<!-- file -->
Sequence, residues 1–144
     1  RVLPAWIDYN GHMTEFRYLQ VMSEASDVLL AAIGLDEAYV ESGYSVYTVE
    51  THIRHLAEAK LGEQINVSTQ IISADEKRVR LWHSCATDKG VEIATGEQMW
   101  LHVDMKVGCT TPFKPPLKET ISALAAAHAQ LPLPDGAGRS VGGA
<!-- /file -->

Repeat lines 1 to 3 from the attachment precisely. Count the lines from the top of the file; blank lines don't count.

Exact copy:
Sequence, residues 1–144
     1  RVLPAWIDYN GHMTEFRYLQ VMSEASDVLL AAIGLDEAYV ESGYSVYTVE
    51  THIRHLAEAK LGEQINVSTQ IISADEKRVR LWHSCATDKG VEIATGEQMW